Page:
This cause has highlighted for me how violence in our society seems to be on the increase. And we are just not talking about physical, but emotional and verbal also.I reflected on three recent incidents in Melbourne where individuals on public transport, who were clearly driven by hate, went on tirades. If you hear the video/audio footage of one of them it is quite appalling. The only good thing was that none of these ended in physical attacks and I would assume these individuals may end up in court.
I wonder what makes people snap in this way? How much hate must they feel towards others to make them actually verbalise it publically?Sadly this happens in all societies, often against those who are seen as different or belonging to a minority group and often for no real reason at all.
Only last year we saw the increased number of attacks on cab drivers, particularly Indian drivers, and the impact was felt at government level.My Indian parents lived here in the early 60’s and it was a time when the White Australia policy was well and truly alive. Often when they got on a bus or train as my mum says the “white” person they sat next to often moved. This was a culture that existed in the Australian society which at the time was sanctioned by the government. Even to this day my mum feels intimidated to some extent by her past experiences.
When I first moved here in 1982 I faced issues that caused me grief at the time. I was an easy target for fellow students in my boarding school. It did toughen me up, however I know of others who were in similar situations and unfortunately had breakdowns because of it.I remember in the late 80’s going to Victoria Street for dinner and we played spot the “skip”. We thought we were really cool being one of the few mixed couples that went there. Now we see Australians there who are clearly in a mixed relationship.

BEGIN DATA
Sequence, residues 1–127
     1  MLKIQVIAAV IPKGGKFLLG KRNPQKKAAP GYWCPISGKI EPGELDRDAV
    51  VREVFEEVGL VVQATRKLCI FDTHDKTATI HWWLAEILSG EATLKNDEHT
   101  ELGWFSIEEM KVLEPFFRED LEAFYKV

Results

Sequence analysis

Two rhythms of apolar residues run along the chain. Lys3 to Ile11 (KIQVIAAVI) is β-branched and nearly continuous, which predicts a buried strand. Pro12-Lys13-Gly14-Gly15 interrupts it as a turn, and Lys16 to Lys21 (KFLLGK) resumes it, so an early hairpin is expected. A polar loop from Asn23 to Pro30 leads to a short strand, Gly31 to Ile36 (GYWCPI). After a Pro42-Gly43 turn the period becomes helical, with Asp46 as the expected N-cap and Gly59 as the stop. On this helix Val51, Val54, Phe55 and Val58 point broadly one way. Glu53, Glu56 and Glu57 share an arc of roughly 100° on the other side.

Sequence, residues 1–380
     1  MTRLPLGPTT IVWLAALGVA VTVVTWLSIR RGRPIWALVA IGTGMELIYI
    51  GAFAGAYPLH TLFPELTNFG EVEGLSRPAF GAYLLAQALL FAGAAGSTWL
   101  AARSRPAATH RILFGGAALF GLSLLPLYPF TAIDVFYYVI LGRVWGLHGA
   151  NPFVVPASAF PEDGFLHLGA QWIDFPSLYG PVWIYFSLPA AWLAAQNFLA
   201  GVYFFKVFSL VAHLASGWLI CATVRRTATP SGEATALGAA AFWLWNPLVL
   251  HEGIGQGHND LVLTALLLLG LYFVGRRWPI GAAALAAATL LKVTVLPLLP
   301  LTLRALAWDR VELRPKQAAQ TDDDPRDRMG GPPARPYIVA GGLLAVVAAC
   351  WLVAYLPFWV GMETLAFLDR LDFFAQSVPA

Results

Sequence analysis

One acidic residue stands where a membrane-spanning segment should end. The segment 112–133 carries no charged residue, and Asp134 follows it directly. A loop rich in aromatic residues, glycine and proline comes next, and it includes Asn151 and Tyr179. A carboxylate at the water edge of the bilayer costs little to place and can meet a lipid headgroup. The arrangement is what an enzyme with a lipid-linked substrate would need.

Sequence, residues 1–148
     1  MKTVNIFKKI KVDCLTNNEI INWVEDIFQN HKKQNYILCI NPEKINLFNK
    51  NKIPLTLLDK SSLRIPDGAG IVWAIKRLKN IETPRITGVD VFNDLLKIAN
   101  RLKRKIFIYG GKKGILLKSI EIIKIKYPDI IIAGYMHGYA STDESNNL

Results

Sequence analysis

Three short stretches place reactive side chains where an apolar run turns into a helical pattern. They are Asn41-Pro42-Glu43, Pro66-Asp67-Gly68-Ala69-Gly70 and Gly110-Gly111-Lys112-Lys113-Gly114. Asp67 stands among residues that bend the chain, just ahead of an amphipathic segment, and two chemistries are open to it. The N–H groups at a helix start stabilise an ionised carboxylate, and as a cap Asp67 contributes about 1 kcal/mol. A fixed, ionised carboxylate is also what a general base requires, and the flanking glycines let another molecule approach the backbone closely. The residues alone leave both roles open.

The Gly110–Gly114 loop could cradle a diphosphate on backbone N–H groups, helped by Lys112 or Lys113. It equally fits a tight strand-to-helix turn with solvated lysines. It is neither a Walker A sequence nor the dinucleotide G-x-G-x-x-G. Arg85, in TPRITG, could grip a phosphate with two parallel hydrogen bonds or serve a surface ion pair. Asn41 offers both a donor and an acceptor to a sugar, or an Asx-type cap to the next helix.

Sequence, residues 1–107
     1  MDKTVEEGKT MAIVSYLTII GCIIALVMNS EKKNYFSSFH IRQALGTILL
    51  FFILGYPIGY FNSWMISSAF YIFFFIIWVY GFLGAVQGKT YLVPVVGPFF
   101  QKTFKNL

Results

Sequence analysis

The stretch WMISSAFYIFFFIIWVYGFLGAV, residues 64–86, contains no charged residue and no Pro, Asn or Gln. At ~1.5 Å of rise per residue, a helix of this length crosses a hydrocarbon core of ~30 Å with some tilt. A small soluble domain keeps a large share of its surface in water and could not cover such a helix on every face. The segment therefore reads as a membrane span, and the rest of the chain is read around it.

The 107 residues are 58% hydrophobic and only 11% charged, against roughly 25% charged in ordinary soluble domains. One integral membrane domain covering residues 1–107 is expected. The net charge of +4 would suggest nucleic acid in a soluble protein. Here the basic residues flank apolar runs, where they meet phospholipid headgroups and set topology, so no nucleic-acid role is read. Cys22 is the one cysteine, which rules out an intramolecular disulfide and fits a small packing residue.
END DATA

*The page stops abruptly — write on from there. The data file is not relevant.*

My kids are of mixed race and we often joke “halfies” are the best, (they certainly are good looking!).This country at some point in its journey will be lucky enough to have a large number of “halfies”.
Even though we have diversified as a nation, it still seems that being different- whether it is your colour, looks, disability or being alternative- has a price. The stigma is born out of ignorance, lack of understanding, fear and hatred.The danger I believe is when the lack of understanding, fear and hatred becomes so intense it turns into nasty attacks that have tragic consequences for all parties.
This ugly element will always exist in society and it’s up to us to constantly stand up and say violence in any form or of any type is not ok.
I want my “halfie” kids and those who are seen as different or alternative to be able to feel safe where they live, work and play.